Cons: umm...everything else. Simply put, Ibaka just isn't the same player today that he was when he exploded onto the scene back in 2009. From an advanced metrics standpoint, Ibaka posted career lows in Free Throw Rate (.127) as well as BLK% (4.2%), despite playing the same amount of minutes as he did during his prime OKC years. His blocks per game (1.6) was the lowest mark since his rookie season. Additionally, his TRB% (12.2%) was down almost four percentage points. Despite still being in his late 20’s, Ibaka has basically redefined his game as a streaky outside shooter, rather than a low-post force who defends the rim at an elite level.

Would Ibaka help the Wolves next season alongside KAT? Sure. Absolutely. But for whatever reason, Ibaka’s game has quickly eroded, and with the potential price tag for the big man being north of $100 million, the short-term benefits simply do not outweigh the long-term risks.

No. 1: Derrick Rose

This one’s easy. While most of the above list can be picked apart and debated, the number one spot certainly cannot. The Wolves have been linked to Derrick Rose practically since Thibs took over last May. Rose flourished under Thibs, especially during the 2010-2011 season when Rose averaged 25 points per game and 8 assists, resulting in being named the MVP that year.

However, that was then and this is now. Since his MVP season, Rose has appeared in only 46% of his possible games over a six year stretch, a stretch that has seen his points per game drop from 26 to 18, assists per game get cut in half from 8 to just over 4, and his 3P% fall to an abysmal 22%.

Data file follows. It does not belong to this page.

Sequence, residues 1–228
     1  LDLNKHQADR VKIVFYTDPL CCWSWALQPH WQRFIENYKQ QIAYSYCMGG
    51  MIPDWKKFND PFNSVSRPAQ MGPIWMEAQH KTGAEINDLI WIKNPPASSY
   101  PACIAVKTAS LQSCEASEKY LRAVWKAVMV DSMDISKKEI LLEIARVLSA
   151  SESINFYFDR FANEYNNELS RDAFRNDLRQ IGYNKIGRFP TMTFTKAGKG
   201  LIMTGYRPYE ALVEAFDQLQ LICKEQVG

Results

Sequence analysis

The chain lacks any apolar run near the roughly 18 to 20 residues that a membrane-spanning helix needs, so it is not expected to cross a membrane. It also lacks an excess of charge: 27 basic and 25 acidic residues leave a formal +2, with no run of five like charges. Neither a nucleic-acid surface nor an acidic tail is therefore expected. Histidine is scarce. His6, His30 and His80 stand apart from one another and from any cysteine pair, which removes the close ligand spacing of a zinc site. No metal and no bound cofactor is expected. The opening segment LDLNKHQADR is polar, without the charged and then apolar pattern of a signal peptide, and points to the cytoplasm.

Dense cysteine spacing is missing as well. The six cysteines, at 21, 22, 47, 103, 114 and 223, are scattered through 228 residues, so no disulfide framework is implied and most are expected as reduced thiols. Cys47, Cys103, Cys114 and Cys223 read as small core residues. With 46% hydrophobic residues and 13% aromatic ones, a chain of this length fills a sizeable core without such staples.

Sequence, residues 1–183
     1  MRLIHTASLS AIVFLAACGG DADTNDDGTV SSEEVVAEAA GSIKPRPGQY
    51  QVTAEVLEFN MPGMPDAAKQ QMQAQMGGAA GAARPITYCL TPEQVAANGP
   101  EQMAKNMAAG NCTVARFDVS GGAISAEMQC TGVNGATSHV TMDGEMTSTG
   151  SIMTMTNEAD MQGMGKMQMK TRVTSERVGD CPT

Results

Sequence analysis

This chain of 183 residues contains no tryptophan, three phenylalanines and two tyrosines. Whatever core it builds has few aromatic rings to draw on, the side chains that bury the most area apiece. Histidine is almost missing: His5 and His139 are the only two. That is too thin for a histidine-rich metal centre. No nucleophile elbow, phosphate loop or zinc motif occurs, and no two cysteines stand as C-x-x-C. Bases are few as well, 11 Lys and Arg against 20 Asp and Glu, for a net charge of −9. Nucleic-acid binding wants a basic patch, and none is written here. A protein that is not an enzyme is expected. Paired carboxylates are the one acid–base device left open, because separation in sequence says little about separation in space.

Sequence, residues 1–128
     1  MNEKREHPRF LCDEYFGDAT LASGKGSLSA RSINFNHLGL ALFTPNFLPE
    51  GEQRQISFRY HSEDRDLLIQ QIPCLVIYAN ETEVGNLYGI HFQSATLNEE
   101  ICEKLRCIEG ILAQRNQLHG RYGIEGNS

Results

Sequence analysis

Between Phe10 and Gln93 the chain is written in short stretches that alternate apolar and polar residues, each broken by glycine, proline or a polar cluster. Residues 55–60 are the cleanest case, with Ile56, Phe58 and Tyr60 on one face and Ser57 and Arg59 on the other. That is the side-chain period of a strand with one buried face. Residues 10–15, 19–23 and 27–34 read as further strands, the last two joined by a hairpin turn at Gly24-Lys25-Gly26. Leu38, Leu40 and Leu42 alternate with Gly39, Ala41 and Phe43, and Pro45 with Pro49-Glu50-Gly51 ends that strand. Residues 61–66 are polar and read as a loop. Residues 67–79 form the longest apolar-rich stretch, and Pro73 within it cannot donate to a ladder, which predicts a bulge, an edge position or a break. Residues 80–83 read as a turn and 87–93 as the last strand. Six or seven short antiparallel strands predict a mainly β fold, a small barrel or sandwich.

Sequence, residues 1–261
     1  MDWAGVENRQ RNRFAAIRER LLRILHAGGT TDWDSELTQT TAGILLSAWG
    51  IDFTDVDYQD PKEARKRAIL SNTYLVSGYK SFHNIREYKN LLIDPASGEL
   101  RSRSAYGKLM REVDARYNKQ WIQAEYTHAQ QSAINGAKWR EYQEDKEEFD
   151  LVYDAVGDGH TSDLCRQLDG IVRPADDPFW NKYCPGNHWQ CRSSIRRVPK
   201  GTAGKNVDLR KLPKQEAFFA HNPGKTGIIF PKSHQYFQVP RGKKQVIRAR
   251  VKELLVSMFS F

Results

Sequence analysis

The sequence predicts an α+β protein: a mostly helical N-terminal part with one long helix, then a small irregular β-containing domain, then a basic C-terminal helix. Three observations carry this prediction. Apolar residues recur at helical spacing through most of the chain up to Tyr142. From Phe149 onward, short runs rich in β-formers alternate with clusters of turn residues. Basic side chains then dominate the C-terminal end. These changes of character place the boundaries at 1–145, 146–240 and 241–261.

At only 28, Rose has already accumulated a long list of injuries, including tearing the ACL in his left knee and the meniscus in his right. Factor in the off-court drama as well as his inability to show up for games (literally), and there isn’t a single free agent in the league I would rather avoid than Derrick Rose.

If the Wolves are seriously looking to upgrade at PG and want to move on from the Spanish Unicorn, that’s fine (although I will personally ride for Rubio as long as I live). Adding shooters makes a ton more sense today than it did a week ago, especially with the addition of Jimmy Buckets. But if the Wolves truly go searching for an upgrade at floor general, they are better off looking literally anywhere other than Derrick Rose’s house.